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Combinatorial auctions for transportation service procurement : The carrier perspective Song, Jiongjiong ; Regan, Amelia

By: Song, JiongjiongContributor(s): Regan, AmeliaPublication details: Transportation Research Record, 2003Description: nr 1833, s. 40-6Subject(s): USA | Freight transport | Contractor | Tender | | Delivery | | | Method | 12 | 02Bibl.nr: VTI P8169:2003 Ref ; VTI P8167Location: Abstract: The procurement of transportation services is an important task for shippers because of the need to control costs while providing high service levels. When shippers need to transport goods and materials, they seek transportation services from outside companies and typically issue a request for quotes from a group of carriers. The shippers then assign contracts on the basis of negotiated service charges. This process is similar to a simple sealed-bid auction in which each bidder submits a sealed bid for a single item. In the past, when shippers needed to procure transportation services for a set of distinctive delivery routes (called lanes), they would obtain quotes for each lane individually and repeat the simple auction process for each lane. Alternatively, they might negotiate for bundles of lanes with a single carrier at a time. However, in the last several years, software has been developed to enable shippers to make all lanes available for bidding simultaneously and to enable carriers to simultaneously bid on combinations of individual lanes. This method of awarding contracts, conventionally called a combinatorial auction, has resulted in significant cost savings for shippers. This research examines the benefits of combinatorial auctions primarily from the carriers perspective. On the basis of a simple simulation model, preliminary findings suggest that carrier benefits can also be significant.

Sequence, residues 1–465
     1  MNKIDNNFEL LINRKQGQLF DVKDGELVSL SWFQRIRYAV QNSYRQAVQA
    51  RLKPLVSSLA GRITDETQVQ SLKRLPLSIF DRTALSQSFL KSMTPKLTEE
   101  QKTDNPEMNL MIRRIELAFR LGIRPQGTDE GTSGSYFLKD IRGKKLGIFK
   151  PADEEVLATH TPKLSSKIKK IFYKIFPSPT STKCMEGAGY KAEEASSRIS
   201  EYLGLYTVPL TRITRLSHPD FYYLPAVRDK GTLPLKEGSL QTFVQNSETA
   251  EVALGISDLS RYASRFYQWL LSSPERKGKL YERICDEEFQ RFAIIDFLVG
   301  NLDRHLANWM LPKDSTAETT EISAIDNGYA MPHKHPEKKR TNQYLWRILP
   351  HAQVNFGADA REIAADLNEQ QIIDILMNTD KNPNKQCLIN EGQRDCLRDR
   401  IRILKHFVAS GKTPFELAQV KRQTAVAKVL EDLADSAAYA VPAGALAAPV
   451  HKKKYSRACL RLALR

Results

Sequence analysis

Item type: Reports, conferences, monographs
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The procurement of transportation services is an important task for shippers because of the need to control costs while providing high service levels. When shippers need to transport goods and materials, they seek transportation services from outside companies and typically issue a request for quotes from a group of carriers. The shippers then assign contracts on the basis of negotiated service charges. This process is similar to a simple sealed-bid auction in which each bidder submits a sealed bid for a single item. In the past, when shippers needed to procure transportation services for a set of distinctive delivery routes (called lanes), they would obtain quotes for each lane individually and repeat the simple auction process for each lane. Alternatively, they might negotiate for bundles of lanes with a single carrier at a time. However, in the last several years, software has been developed to enable shippers to make all lanes available for bidding simultaneously and to enable carriers to simultaneously bid on combinations of individual lanes. This method of awarding contracts, conventionally called a combinatorial auction, has resulted in significant cost savings for shippers. This research examines the benefits of combinatorial auctions primarily from the carriers perspective. On the basis of a simple simulation model, preliminary findings suggest that carrier benefits can also be significant.

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